Truth is Stranger Than (“Pulp”) Fiction
With a fact pattern right out of the Terrantino cult classic film “Pulp Fiction”, Moncrief v. Nationwide involved a creative attempt by a plaintiffs’ personal injury lawyer to establish insurance coverage for the criminal misdeeds of an individual whose vehicle had a cameo appearance in the events of one macabre evening. In an apparent drug deal gone bad, brothers Kendall and Trevor Moncrief were shot and killed while riding in the back of a vehicle whose front seat was occupied by David Hamilton and Justine Erskine. Desperate to conceal the bodies and the evidence of their crime, Hamilton and Erskine showed up unannounced at the Delaware home of Raymond Glaeser. Like the John Travolta and Samuel L. Jackson characters in the film, they were looking for help in disposing of the bodies.
As one would expect, the testimony of the culprits differed on whether Glaeser agreed or was “forced” to play the role of “Mr. Wolf” and assist in the efforts to dispose of the bodies. In any event, he agreed to take Hamilton and Erskine to a rural property in Maryland owned by his family. Hamilton and Erskine drove the vehicle with the bodies. They followed Glaeser, who was driving the work truck owned by his Maryland employer, to the rural location. The employer’s truck was insured by Nationwide.
Once at the rural location, Glaeser dug the shallow grave and assisted with burying the bodies. He then left the scene in the truck and went to work. Hamilton and Erskine left in the vehicle in which the murders had taken place. All were quickly arrested and ultimately convicted for their respective roles in the gruesome crimes.
The Moncrief family sued Glaeser in tort for civil damages arising from the death of Kendall and Trevor and the subsequent mishandling of their corpses. The family obtained a default judgment of $750,000 against Glaeser in Delaware’s Superior Court. (He was incarcerated and did not respond to the suit.) As judgment creditors of Glaeser, the Moncrief family then sued Nationwide directly as the insurer for the vehicle Glaeser operated during the fateful night. Nationwide denied the claim and argued before the Superior Court that the automobile coverage for the employer’s truck was in place to cover injuries and damages caused by the operation of the vehicle itself and not for criminal conduct unrelated to operating the vehicle.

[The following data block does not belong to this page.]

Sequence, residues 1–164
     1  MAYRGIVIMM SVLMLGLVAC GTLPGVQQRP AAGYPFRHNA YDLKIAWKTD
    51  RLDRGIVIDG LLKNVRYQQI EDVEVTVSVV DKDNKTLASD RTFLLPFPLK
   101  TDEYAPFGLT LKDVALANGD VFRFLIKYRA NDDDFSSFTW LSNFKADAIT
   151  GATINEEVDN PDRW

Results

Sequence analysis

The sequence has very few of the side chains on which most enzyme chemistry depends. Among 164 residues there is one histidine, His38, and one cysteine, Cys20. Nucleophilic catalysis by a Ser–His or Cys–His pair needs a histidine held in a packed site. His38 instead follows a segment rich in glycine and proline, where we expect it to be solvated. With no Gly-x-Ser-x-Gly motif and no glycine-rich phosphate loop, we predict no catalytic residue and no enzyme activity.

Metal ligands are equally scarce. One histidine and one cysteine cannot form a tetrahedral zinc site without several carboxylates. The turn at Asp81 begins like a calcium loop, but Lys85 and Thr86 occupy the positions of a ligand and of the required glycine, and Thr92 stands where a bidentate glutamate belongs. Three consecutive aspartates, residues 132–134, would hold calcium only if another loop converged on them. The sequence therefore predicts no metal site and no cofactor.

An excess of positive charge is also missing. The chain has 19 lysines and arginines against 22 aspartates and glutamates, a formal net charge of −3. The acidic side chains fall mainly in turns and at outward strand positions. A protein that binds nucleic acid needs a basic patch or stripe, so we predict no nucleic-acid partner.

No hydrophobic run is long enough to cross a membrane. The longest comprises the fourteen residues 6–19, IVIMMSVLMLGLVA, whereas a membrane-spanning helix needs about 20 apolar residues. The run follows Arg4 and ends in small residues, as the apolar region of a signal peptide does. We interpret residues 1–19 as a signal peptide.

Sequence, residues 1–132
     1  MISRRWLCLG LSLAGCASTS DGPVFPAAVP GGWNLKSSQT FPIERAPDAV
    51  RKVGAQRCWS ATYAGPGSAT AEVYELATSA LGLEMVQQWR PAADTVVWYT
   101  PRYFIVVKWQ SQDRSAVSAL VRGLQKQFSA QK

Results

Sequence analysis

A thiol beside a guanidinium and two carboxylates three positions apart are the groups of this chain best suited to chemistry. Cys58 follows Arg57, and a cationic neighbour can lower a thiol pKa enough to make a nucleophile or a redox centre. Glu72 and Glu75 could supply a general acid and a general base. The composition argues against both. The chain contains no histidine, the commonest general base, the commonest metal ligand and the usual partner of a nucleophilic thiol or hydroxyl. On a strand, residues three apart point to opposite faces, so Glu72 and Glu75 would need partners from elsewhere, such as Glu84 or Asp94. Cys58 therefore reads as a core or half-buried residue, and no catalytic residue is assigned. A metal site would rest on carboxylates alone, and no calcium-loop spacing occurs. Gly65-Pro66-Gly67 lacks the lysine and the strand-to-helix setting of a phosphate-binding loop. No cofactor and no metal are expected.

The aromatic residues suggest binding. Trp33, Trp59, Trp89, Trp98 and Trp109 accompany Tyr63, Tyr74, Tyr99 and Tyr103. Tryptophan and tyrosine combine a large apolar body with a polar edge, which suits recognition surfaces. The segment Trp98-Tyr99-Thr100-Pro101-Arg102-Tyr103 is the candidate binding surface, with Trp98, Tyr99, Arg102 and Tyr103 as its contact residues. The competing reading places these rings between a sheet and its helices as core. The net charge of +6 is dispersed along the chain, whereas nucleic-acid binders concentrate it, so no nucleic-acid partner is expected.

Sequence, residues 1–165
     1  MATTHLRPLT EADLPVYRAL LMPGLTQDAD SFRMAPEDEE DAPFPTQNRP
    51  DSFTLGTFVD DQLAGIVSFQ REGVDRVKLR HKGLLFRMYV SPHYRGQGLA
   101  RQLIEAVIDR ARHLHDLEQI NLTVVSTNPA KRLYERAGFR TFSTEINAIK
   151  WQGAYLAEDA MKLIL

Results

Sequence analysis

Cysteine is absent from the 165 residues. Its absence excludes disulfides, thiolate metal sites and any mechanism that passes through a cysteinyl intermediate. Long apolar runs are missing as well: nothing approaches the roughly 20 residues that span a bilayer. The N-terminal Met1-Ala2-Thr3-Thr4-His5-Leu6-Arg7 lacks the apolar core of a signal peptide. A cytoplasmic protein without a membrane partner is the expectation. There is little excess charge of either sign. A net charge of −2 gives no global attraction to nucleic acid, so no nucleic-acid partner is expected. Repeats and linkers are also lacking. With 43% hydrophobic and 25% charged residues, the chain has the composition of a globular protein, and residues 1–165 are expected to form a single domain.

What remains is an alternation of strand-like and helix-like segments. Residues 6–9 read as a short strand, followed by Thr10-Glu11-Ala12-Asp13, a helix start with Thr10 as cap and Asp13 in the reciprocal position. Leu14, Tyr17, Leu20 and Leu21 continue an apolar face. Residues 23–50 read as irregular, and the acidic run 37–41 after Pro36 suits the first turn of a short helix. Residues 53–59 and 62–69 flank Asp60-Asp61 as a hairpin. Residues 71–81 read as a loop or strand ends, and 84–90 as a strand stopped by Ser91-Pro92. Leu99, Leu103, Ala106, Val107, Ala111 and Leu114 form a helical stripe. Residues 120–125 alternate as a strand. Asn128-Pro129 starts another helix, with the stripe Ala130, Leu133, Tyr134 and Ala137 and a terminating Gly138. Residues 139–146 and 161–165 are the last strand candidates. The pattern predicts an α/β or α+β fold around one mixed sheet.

The parties and the Court focused on Maryland law, as the state where the policy was issued and where much of the criminal conduct took place. Nationwide relied on a line of cases which focused on the vehicle’s role in the injuries when determining whether the care insurance should apply. Those cases held that where the vehicle was merely incidental to the injuries (such as where the perpetrator used the vehicle to arrive at a crime scene), the automobile coverage did not apply. Only where there exists a “direct causal relationship between the injury and the use of the vehicle” would the coverage be implicated. After the Superior Court agreed with Nationwide, an appeal was taken to the Delaware Supreme Court. In a decision issued in September of 2014, the Supreme Court affirmed the decision of the Superior Court and found the use of Glaeser’s work truck was merely incidental to the harmful conduct in question. The truck was nothing more than Glaeser’s transportation to and from the crime scene. Because he did not directly use the vehicle in causing any of the injuries, the automobile insurance coverage did not apply. The bizarre fact pattern and the interesting intersection of Delaware and Maryland law make this insurance coverage case a memorable one for lay persons and legal practitioners alike.